# Finding partial fractions involving complex numbers: express $h(z) = \frac{2z + 4i}{z^2 + 2z + 2}$ as partial fractions

I'm attempting the following problem in the context of complex analysis:

Express $h(z) = \dfrac{2z + 4i}{z^2 + 2z + 2}$ as partial fractions.

I got $\dfrac{2z + 4i}{z^2 + 2z + 2} = \dfrac{2z + 4i}{(z + 1 + i)(z + 1 - i)}$

$= \dfrac{A}{z + 1 + I} + \dfrac{B}{z + 1 - I}$

$\implies 2z + 4i = (A+B)z + (A + B) + i(B - A)$

$\therefore A + B = 2$ AND $B - A = 4$ (AND $A + B = 0$????)

$\therefore$ (If we exclude $A + B = 0$) $B = 3$ AND $A = -1$

But we also had that $A + B = 0$ above, which is where my confusion comes from.

If I then proceed with what I've done, I get $\dfrac{2z + 4i}{(z + 1 + i)(z + 1 - i)} = \dfrac{-1}{z + 1 + i} + \dfrac{3}{z + 1 - I}$

$= \dfrac{2z + 2 + 4i}{(z + 1 + i)(z + 1 - i)}$, which is obviously false.

I've only just started doing partial fraction decomposition with complex numbers, so I'm unfamiliar with the subtleties relative to partial fraction decomposition with real numbers. As I flagged above, we cannot have both $A + B = 2$ and $A + B = 0$, so I'm unsure of why my reasoning is erroneous and what the correct reasoning is?

I would greatly appreciate it if people could please take the time to clarify this by explaining why my reasoning is erroneous and what the correct reasoning/procedure is.

• Why would not $A$ and $B$ be complex? If there are complex, your conclusion that $B-A=4$ and $B-A=0$ is wrong You should multiply your equality by $(z+1+i)$, then take $z=-1-i$, this gives you one complex equation on $A$ and $B$. Same with $(z+1-i)$ and you get another equation. Solve these two equations to find $A$ and $B$. Sep 3, 2017 at 0:17
• @anderstood Thanks for the response. I'm not sure what you mean; can you please elaborate? Sep 3, 2017 at 0:18
• It seems to me you thought that $4i=A+B+i(B-A)$ implied $B-A=4$ and $A+B=0$. This would be true if $A$ and $B$ were reals. But I don't think that's the case here. Sep 3, 2017 at 0:20
• A+B=2 That part is right. AND B−A=... That part doesn't follow. By equating the free terms you get $4i=A+B+i(B-A)\,$. Since $A+B=2$ this implies $4i=2+i(B-A)$ so $A-B=-4-2i\,$. Now you know $A+B$ and $A-B$, and all that remains to be done is solve for $A,B$.
– dxiv
Sep 3, 2017 at 1:31
• @dxiv I understand my error now. Thanks for the assistance. Sep 3, 2017 at 1:32

Write $Ai+B$ (where you wrote $A$) and $Ci + D$ (where you wrote $B$) solve for this in the same way. You should obtain $A = 1$; $B = 3$; $C = -1$; $D = -1$.

And the final form should be $\frac{i+3}{z+1-i} + \frac{-i-1}{z+1+i}$

• I'm not sure why this got down-voted (perhaps the formatting? I will fix it). Sep 3, 2017 at 1:15
• Probably, thanks for the nice edit. Sep 3, 2017 at 1:21
• Thank YOU for the answer. :) Sep 3, 2017 at 1:21

I upvoted the previous answer (because it was good), but I am presenting my own answer to illustrate two different methods of doing it.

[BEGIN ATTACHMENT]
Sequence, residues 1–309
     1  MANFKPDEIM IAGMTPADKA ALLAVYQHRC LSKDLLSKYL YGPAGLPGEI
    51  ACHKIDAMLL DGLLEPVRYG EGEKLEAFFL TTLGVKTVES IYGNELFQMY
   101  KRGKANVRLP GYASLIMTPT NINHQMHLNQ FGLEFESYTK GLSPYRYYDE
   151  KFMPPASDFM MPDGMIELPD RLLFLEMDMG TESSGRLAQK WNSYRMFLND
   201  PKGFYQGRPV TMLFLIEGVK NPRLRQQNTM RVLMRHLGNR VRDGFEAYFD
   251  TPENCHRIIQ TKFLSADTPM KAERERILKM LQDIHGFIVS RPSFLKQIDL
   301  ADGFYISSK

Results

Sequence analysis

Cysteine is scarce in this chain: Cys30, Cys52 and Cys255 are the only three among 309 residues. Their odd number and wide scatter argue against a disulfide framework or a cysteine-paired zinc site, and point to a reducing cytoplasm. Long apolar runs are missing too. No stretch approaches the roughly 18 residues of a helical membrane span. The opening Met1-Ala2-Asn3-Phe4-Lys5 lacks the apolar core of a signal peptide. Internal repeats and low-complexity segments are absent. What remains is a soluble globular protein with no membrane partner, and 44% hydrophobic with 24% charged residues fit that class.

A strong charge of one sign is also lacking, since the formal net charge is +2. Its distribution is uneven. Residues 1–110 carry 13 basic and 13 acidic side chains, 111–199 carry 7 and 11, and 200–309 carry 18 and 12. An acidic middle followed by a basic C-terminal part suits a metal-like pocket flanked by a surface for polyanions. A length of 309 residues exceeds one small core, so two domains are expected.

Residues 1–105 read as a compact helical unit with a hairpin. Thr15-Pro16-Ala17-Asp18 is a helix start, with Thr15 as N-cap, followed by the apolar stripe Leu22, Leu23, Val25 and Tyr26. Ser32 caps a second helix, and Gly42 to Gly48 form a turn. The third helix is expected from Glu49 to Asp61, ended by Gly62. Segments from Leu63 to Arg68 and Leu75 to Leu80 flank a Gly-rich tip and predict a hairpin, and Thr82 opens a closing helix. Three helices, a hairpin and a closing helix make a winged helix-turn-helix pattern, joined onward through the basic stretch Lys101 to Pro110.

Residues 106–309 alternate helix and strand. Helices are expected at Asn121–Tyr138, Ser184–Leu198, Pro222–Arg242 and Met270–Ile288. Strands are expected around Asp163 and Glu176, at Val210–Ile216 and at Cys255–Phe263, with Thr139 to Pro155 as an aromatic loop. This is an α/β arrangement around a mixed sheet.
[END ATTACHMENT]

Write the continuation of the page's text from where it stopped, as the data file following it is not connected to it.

The first: solving simultaneous equations. Note that you don't have to put everything in the form $C+ Di$, etc. You can solve it by leaving just two variables as you started out doing.

Note that $A$ and $B$ (denoted as per the original question) are complex.

After expansion (by cross multiplying) and equating numerators, you get:

$Az + A - Ai + Bz + B + Bi = 2z + 4i$.

Now, note the terms with $z$ dependence. These are the terms you must equate of the LHS and RHS. They have to be equal because if they weren't then the equality wouldn't hold for all possible values of $z$.

So $Az + Bz = 2z$ or $A + B = 2$, which is what you got (correctly) for your first equation.

Now consider the $z$ independent terms. You have $A - Ai + B + Bi = 4i$ or, equivalently, $(A+B) + (B-A)i = 4i$.

You cannot equate real and imaginary parts at this stage (as you had originally attempted) as $A$ and $B$ are both complex numbers.

Instead, substitute the first equation into the second to eliminate the $(A+B)$ term to get:

$2 + (B-A)i = 4i$.

Solving for $(B-A)$,

$(B-A)i = -2 + 4i$

$(B-A) = 4 + 2i$

Now you can solve simultaneously:

$A + B = 2$

and

$B - A = 4 + 2i$

the usual way.

Add them to get: $2B = 6 + 2i$, which gives $B = 3 + i$. By back substitution, you immediately get $A = - (1+i)$.

The second method I will present uses the Heaviside Cover-Up Method.

You have:

$$\frac{2z + 4i}{(z-(-1-i))(z - (-1 + i)} = \frac{A}{(z-(-1-i))} + \frac{B}{(z - (-1 + i))}$$

You can use the rule immediately. Or you can consider what happens when you multiply both sides by each of the denominators on the RHS.

As an illustration, multiply throughout by $(z-(-1-i))$.

You will get:

$$\frac{2z + 4i}{z - (-1 + i)} = A + \frac{B(z-(-1-i))}{(z - (-1 + i))}$$

Setting $z = (-1-i)$ will immediately cause the second term on the RHS to vanish and get you:

$$A = \frac{2(-1-i) + 4i}{(-1-i) - (-1 + i)} = \frac{-2 + 2i}{-2i} = -(1+i)$$

You can similarly solve for $B$.

• Thank you for contributing such an elaborate answer! Sep 3, 2017 at 2:41
• Happy to, hope it helped. :) Sep 3, 2017 at 2:49